Jump to ContentJump to Main Navigation
Is War Necessary for Economic Growth?Military Procurement and Technology Development$
Users without a subscription are not able to see the full content.

Vernon W. Ruttan

Print publication date: 2006

Print ISBN-13: 9780195188042

Published to Oxford Scholarship Online: February 2006

DOI: 10.1093/0195188047.001.0001

Show Summary Details
Page of

PRINTED FROM OXFORD SCHOLARSHIP ONLINE (www.oxfordscholarship.com). (c) Copyright Oxford University Press, 2018. All Rights Reserved. Under the terms of the licence agreement, an individual user may print out a PDF of a single chapter of a monograph in OSO for personal use (for details see http://www.oxfordscholarship.com/page/privacy-policy).date: 19 July 2018

Is War Necessary?

Is War Necessary?

(p.159) 8 Is War Necessary?
Is War Necessary for Economic Growth?

Vernon W. Ruttan (Contributor Webpage)

Oxford University Press

Several important questions bear on the impact of military and defense-related research, development, and procurement on future technology development in the U.S. One is whether changes in the structure of the American economy and of the defense industrial base preclude military procurement from playing a role in the development of advanced technology comparable to that it played in the past. Another is whether the military and defense-related industries have become so small relative to the size of the U.S. industrial sector that they no longer exert significant leverage on the rate and direction of technical change. A more disturbing question is whether a war, or threat of war, will be necessary to induce the mobilization of the scientific, technical, and financial resources to generate new general-purpose technologies. It is argued that war or its threat will be a less powerful inducement to technical change in the first half of the 21st century than it was during the last half of the 20th century.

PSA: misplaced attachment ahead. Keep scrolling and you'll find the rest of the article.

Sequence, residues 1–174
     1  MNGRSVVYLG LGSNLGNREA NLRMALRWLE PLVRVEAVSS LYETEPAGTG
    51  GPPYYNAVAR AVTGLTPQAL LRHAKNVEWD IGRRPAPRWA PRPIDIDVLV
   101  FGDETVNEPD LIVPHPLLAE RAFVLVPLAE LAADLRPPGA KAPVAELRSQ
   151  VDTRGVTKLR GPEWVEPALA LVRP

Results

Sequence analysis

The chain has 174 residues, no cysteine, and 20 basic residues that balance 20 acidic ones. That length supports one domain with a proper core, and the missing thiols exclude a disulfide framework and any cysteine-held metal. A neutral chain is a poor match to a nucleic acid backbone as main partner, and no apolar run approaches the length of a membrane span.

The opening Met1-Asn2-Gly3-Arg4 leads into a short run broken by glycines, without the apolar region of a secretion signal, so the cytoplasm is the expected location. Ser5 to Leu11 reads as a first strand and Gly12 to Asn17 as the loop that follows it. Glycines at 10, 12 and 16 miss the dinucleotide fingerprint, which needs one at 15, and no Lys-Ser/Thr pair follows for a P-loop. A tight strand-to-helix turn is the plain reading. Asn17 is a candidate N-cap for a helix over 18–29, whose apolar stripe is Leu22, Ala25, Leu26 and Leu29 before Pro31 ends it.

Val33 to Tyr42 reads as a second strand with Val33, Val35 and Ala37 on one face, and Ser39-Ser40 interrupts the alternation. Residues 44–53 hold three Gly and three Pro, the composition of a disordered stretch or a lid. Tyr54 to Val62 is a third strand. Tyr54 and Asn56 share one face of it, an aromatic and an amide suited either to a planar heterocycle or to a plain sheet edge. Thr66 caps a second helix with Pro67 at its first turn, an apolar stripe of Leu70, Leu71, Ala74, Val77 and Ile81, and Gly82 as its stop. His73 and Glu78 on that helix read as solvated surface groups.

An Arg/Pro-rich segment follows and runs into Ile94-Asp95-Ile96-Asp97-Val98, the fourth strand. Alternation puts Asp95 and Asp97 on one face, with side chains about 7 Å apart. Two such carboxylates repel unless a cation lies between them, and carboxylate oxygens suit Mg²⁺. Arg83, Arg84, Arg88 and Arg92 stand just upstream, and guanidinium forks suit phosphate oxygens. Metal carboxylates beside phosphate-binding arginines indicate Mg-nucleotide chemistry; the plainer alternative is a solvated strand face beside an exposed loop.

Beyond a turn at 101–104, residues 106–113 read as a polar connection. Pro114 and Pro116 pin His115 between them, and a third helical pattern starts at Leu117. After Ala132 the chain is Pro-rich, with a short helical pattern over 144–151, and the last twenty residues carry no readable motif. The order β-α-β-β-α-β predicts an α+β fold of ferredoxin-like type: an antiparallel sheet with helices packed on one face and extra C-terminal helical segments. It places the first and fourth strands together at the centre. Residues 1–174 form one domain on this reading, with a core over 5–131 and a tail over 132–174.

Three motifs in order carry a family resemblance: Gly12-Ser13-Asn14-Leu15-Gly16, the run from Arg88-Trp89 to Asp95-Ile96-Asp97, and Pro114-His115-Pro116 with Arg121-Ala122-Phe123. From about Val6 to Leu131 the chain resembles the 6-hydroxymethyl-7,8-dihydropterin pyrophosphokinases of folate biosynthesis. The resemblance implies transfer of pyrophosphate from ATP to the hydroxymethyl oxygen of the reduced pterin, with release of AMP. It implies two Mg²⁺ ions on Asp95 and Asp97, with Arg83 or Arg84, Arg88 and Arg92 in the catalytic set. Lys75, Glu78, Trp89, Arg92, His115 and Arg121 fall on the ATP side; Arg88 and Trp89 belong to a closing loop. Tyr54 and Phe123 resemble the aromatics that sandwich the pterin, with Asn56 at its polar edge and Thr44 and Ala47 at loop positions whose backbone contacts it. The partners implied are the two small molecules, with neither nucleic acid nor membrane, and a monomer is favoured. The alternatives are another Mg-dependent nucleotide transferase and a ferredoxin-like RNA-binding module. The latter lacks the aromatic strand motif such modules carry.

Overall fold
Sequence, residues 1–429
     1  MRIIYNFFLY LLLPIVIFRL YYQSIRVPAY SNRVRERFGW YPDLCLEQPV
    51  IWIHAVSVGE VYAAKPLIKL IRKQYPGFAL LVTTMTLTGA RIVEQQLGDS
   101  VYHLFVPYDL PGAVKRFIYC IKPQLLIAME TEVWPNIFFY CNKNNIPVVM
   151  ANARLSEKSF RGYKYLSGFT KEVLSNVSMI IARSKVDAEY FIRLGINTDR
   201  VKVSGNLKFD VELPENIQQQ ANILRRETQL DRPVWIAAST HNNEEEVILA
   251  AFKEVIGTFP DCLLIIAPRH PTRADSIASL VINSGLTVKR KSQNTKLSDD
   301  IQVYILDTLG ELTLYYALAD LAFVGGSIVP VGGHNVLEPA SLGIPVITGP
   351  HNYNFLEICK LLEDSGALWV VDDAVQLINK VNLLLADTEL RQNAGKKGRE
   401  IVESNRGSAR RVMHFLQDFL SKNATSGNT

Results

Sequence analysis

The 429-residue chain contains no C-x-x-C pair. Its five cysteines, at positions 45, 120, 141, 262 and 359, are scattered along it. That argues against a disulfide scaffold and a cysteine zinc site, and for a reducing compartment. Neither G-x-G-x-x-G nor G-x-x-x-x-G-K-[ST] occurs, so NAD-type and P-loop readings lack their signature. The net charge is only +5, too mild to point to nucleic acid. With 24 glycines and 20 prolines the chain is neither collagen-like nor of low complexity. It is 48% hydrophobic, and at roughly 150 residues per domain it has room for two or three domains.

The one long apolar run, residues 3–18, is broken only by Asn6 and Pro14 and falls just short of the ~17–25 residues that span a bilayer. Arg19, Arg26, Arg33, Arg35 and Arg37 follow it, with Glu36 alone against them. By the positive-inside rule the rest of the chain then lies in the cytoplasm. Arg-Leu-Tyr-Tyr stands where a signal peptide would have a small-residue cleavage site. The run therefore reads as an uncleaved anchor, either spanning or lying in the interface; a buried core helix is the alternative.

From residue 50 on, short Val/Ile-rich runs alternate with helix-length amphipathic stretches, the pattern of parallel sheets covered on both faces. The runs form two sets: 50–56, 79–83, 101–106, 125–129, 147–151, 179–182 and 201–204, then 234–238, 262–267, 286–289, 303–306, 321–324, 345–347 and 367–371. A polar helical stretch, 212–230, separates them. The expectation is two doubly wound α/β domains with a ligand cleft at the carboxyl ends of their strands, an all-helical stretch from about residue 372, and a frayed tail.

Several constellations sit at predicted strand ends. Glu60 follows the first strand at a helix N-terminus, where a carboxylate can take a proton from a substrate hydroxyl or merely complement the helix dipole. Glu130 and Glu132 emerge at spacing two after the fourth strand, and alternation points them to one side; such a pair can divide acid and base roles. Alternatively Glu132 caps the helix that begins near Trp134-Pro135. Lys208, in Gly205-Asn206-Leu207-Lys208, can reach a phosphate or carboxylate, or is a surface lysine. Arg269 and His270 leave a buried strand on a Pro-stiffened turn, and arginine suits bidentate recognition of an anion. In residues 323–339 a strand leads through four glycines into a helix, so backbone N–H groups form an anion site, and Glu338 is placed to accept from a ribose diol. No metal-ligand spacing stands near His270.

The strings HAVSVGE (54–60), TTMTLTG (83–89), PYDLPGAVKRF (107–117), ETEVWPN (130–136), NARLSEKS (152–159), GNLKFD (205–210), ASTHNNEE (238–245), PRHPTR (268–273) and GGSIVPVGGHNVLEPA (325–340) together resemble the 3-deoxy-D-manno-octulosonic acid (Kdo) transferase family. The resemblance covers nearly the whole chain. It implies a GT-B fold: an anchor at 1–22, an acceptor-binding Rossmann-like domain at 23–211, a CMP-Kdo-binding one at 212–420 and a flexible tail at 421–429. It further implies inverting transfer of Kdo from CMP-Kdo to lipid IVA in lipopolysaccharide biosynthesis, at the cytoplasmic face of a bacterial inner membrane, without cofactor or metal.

Keywords:   general-purpose technologies, industrial sector, war, resource mobilization

Oxford Scholarship Online requires a subscription or purchase to access the full text of books within the service. Public users can however freely search the site and view the abstracts and keywords for each book and chapter.

Please, subscribe or login to access full text content.

If you think you should have access to this title, please contact your librarian.

To troubleshoot, please check our FAQs , and if you can't find the answer there, please contact us .